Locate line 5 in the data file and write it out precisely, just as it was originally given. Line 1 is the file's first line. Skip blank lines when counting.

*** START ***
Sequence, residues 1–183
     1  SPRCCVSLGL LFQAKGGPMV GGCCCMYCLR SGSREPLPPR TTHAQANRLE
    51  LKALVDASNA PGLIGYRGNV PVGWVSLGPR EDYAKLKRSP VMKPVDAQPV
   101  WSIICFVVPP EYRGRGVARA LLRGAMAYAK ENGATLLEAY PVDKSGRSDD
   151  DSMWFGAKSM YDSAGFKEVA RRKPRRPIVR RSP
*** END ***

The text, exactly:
   151  DSMWFGAKSM YDSAGFKEVA RRKPRRPIVR RSP